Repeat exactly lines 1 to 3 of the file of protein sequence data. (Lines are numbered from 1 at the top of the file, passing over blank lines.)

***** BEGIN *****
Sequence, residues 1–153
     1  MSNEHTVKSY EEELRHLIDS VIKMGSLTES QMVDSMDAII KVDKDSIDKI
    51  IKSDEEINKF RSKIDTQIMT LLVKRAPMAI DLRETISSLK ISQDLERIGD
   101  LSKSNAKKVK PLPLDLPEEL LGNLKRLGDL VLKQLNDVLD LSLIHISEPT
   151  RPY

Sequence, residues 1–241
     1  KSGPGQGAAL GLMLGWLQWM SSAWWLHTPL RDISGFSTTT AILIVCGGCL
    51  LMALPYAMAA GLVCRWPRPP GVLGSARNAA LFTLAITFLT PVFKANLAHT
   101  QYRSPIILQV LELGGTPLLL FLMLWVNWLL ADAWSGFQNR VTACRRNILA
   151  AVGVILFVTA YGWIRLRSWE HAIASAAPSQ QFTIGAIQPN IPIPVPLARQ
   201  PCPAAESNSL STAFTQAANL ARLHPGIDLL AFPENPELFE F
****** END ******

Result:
Sequence, residues 1–153
     1  MSNEHTVKSY EEELRHLIDS VIKMGSLTES QMVDSMDAII KVDKDSIDKI
    51  IKSDEEINKF RSKIDTQIMT LLVKRAPMAI DLRETISSLK ISQDLERIGD